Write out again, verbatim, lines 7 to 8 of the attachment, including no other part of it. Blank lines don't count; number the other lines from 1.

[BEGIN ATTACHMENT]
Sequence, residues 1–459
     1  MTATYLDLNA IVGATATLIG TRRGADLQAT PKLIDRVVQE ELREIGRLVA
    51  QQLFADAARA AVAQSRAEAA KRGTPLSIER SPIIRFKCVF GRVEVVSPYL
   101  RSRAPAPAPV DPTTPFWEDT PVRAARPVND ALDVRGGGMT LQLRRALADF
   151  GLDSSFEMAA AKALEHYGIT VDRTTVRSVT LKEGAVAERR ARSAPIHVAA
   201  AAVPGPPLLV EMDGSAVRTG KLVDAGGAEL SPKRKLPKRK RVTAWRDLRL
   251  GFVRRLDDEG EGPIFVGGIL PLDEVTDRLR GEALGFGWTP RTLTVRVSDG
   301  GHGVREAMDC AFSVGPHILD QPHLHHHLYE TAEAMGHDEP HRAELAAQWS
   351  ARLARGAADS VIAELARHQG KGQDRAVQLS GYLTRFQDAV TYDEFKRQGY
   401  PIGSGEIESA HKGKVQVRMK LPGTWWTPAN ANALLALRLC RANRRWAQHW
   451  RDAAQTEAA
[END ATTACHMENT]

   251  GFVRRLDDEG EGPIFVGGIL PLDEVTDRLR GEALGFGWTP RTLTVRVSDG
   301  GHGVREAMDC AFSVGPHILD QPHLHHHLYE TAEAMGHDEP HRAELAAQWS